As a small business owner, figuring out which form of business structure to use when you started was one of the most important decisions you had to make; however, it’s always a good idea to periodically revisit that decision as your business grows. For example, as a sole proprietor, you must pay a self-employment tax rate of 15.3% in addition to your individual tax rate; however, if you were to revise your business structure to become a corporation and elect S-Corporation status you could take advantage of a lower tax rate.
What is an S-Corporation?
An S-Corporation (or S-Corp) is a regular corporation whose owners elect to pass corporate income, losses, deductions, and credits through to their shareholders for federal tax (and sometimes state) purposes. That is, an S-corporation is a corporation or a limited liability company that’s made a Subchapter S election (so named after a chapter of the tax code). Rather than a business entity per se, it is a type of tax classification. Shareholders then report the flow-through of income and losses on their personal tax returns and are assessed tax at their individual income tax rates, which allows S-corporations to avoid double taxation on corporate income. S-corporations are, however, responsible for tax on certain built-in gains and passive income at the entity level.
To qualify for S-corporation status, the corporation must submit a Form 2553, Election by a Small Business Corporation to the IRS, signed by all the shareholders, and meet the following requirements:
- Be a domestic corporation
- Have only allowable shareholders. Shareholders may be individuals, certain trusts, and estates but may not be partnerships, corporations or non-resident alien shareholders.
- Have no more than 100 shareholders
- Have only one class of stock
- Not be an ineligible corporation (i.e. certain financial institutions, insurance companies, and domestic international sales corporations).
What are the Tax Advantages of an S-Corp?
Personal Income and Employment Tax Savings
S-corporation owners can choose to receive both a salary from the corporation and nondividend distributions, which are earnings and profits that pass through the corporation to you as an owner, not as an employee in compensation for your services, and are tax-free. Because their compensation is less than it would be if they were operating a sole proprietorship, for example, S-corp owners save on Social Security and Medicare taxes.
The split between salary and distributions must be “reasonable” in the eyes of the IRS, however. Paying self-employment tax on 50 percent or less of profits or a salary that is in line with similar businesses is one example.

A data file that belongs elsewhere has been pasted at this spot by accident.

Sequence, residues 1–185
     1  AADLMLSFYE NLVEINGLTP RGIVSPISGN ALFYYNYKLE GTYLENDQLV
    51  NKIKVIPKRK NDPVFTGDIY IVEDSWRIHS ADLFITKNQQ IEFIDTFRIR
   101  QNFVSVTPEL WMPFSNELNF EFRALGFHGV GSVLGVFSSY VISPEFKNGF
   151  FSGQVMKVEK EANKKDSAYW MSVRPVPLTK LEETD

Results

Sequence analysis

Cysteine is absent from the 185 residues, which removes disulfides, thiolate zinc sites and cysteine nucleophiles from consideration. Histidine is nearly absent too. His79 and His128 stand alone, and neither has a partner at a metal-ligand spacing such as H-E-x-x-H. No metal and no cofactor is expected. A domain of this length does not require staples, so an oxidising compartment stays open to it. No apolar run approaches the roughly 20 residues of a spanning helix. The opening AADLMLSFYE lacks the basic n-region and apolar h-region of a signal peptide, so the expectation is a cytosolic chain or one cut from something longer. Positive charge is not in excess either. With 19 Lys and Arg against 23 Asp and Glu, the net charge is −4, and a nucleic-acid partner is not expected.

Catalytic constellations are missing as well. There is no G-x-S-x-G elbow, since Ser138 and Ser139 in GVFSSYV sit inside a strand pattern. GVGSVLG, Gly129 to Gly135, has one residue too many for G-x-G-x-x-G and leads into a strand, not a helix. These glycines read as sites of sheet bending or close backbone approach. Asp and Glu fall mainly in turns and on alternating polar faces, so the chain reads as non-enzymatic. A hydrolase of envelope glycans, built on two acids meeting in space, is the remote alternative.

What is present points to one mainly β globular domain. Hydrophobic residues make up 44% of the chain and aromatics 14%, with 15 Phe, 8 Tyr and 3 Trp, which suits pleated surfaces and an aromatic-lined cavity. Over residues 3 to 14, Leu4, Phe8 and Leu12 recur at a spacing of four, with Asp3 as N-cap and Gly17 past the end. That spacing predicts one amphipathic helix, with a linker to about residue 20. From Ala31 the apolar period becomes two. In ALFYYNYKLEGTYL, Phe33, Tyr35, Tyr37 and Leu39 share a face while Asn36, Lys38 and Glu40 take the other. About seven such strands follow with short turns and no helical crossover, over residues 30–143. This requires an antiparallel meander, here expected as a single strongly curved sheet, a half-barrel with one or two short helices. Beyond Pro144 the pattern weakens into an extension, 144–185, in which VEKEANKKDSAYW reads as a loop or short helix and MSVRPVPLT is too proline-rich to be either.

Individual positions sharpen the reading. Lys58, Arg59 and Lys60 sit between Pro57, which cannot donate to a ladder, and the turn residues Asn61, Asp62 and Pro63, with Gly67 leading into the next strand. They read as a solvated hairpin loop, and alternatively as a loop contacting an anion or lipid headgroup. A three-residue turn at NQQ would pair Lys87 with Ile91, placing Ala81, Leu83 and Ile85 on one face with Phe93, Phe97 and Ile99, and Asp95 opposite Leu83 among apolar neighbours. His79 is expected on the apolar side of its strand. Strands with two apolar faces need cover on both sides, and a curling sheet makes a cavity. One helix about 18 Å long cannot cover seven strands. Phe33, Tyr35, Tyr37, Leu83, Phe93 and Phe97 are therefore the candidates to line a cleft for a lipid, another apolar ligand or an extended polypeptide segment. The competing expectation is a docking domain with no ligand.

Most S-corporation distributions are non-dividend distributions; however, dividend distributions can occur in a company that was previously a C-corporation or acquired C-corporation attributes in a non-taxable transaction (i.e., merger, reorganization, QSub election, etc.). These dividends are taxed at a lower rate than self-employment income, which lowers taxable income.
Finally, some S-corp owners may be able to take advantage of the Qualified Business Income Deduction for pass-through entities as well, thanks to tax reform.
Losses are Deductible
As a corporation, profits and losses are allocated between the owners based on the percentage of ownership or number of shares held. If the S-corporation loses money, these losses are deductible on the shareholder’s individual tax return. For example, if you and another person are the owners and the corporation’s losses amount to $20,000, each shareholder can take $10,000 as a deduction on their tax return.
No Corporate Income Tax
Although S-corps are corporations, there is no corporate income tax because business income is passed through to the owners instead of being taxed at the corporate rate, thereby avoiding the double taxation issue, which occurs when dividend income is taxed at both the corporate level and at the shareholder level.
Less Risk of Audit
In 2017, S-corps faced an audit risk of just 0.2% compared to Schedule C filers with gross receipts of $100,000 who faced an audit rate of 0.9% (2018 IRS Data Book). While still low, individuals filing Schedule C (Profit or Loss from Business) are at higher risk of being audited due to IRS concerns about small business owners underreporting income or taking deductions they shouldn’t be.
Article courtesy of Brad Huss EA – Brad Huss & Associates
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